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Count New York Mets manager Buck Showalter as another person who’s in favor of using an Automated Strike Zone System, colloquially known as a Robo-Ump.
Showalter talked about the technology Tuesday. It seems likely to make its way to baseball in some form.
“I can’t wait until they get the automatic strike zone in a lot of ways, so we can get away from all this stuff,” Showalter said. He mimed a catcher framing a pitch when he said this.
“That really irritates people, all the framing.”
Showalter is the latest manager or player keen on the idea of an automated strike zone.
Other sports have benefitted from using technology to aid officials. Tennis and soccer are two notable examples.
Robo-Umps are already in use in minor league baseball. The Pacific Coast League rolled them out in May. Albuquerque Isotopes play-by-play announcer Josh Suchon told the Denver Post that just a few months later, fans didn’t realize an Automated Ball-Strike System, or ABS, was making calls.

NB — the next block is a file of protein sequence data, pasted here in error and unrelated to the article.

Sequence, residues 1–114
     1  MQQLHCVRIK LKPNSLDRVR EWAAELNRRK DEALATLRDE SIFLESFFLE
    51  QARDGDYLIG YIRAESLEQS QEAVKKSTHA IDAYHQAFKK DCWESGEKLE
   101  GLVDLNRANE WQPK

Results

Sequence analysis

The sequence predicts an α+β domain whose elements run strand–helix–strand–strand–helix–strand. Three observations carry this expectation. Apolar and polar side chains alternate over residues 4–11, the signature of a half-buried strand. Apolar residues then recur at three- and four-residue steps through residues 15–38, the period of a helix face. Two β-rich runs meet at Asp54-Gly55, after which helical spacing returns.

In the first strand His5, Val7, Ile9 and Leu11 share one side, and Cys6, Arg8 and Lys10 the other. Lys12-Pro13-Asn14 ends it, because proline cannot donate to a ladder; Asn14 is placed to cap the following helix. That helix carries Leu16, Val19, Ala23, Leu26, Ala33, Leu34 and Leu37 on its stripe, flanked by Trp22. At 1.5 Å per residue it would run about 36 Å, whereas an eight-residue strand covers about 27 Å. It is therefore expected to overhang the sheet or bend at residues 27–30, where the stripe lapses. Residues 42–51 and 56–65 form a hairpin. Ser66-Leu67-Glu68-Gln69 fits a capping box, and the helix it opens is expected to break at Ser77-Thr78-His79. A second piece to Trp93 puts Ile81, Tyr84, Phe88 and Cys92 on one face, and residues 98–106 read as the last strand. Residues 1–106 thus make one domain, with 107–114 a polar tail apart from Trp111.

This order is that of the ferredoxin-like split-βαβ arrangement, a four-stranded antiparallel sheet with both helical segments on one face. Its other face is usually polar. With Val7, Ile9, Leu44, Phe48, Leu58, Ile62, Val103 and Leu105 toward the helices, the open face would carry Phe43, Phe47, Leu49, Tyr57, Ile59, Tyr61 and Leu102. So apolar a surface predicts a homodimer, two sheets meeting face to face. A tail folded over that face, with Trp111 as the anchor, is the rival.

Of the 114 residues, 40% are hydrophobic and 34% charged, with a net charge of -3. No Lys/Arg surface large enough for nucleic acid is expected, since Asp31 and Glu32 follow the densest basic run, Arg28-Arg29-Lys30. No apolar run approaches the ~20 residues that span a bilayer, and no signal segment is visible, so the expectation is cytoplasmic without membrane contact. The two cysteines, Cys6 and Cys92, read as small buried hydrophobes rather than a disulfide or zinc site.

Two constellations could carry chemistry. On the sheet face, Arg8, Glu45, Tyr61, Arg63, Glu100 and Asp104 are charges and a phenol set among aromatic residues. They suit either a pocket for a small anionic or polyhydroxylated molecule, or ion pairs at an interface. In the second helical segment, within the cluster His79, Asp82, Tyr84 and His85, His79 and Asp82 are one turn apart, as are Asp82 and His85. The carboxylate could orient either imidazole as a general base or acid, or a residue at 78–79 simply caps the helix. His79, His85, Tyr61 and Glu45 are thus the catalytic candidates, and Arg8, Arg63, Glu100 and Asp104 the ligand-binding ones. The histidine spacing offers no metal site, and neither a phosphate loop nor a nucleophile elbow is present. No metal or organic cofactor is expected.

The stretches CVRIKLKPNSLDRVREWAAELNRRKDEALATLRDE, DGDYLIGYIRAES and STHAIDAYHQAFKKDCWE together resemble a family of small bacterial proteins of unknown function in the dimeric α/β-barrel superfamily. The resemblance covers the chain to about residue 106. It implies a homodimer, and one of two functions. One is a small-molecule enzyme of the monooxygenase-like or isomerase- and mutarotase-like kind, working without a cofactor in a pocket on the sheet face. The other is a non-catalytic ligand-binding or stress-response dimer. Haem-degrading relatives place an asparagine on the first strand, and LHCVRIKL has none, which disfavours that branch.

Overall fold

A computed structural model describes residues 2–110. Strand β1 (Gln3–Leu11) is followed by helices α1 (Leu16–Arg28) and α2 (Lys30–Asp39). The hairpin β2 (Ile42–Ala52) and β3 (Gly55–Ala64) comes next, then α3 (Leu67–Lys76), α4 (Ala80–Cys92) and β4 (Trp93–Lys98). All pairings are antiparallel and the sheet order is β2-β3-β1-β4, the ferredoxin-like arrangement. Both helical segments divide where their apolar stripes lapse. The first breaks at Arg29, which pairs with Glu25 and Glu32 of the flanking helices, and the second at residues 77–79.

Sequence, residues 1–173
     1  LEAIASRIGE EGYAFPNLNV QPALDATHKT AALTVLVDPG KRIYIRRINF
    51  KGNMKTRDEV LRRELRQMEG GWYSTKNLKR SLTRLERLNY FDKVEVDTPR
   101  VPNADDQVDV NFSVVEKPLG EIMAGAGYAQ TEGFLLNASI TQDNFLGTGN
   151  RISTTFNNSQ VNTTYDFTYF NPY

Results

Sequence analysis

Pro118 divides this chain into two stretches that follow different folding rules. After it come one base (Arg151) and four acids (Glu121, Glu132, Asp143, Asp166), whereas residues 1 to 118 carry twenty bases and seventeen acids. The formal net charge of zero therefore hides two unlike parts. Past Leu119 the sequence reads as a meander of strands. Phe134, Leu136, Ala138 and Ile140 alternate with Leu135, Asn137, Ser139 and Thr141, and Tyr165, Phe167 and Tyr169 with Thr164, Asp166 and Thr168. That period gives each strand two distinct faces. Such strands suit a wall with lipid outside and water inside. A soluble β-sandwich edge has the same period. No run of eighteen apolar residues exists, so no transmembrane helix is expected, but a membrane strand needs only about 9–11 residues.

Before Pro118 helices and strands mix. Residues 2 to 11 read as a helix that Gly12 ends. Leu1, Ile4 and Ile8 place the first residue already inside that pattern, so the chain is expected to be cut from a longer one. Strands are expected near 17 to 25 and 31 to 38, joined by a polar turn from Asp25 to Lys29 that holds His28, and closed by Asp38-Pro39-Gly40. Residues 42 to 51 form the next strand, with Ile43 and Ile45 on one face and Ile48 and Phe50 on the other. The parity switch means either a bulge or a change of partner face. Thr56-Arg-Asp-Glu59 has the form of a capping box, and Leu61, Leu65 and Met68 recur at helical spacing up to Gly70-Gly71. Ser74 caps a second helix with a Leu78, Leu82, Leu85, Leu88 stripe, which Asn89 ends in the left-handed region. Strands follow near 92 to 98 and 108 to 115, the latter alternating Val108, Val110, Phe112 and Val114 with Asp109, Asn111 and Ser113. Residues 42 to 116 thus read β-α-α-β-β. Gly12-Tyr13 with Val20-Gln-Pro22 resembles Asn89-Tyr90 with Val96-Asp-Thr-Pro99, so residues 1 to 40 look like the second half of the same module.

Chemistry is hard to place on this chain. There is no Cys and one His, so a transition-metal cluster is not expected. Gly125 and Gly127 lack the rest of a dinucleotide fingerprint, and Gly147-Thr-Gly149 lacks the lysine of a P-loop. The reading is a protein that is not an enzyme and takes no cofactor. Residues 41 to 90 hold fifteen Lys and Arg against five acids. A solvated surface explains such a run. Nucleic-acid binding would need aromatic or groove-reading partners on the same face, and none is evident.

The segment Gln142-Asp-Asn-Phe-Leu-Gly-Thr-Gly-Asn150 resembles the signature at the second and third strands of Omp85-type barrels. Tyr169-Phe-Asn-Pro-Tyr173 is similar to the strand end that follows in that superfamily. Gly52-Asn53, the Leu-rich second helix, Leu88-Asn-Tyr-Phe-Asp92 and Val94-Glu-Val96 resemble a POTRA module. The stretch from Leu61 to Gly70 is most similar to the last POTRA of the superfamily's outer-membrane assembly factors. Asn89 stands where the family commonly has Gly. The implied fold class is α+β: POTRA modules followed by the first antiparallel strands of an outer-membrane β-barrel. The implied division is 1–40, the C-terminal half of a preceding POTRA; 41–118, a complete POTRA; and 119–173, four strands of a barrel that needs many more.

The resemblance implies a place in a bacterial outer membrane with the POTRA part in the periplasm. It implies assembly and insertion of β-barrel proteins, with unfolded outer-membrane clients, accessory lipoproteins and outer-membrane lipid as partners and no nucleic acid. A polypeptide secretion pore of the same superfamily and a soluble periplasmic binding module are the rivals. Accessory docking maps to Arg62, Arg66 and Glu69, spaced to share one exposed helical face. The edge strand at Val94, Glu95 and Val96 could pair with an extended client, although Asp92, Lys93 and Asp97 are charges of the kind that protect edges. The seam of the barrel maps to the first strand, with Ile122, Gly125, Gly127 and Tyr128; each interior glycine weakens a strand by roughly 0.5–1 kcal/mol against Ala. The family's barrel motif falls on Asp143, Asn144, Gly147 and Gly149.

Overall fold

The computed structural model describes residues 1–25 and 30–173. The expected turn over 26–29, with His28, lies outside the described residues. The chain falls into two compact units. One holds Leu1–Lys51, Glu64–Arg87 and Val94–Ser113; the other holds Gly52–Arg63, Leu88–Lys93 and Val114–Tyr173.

Baseball commissioner Rob Manfred has said he expects an Automated Ball-Strike System to be introduced ahead of the 2024 MLB season.
Manfred mentioned several ways the league could use the technology. One is to use it for every pitch with umpires wearing earpieces that give them the call. Another option is to allow teams pitch challenges to use throughout the game.
Follow on Twitter: @Matt_Reigle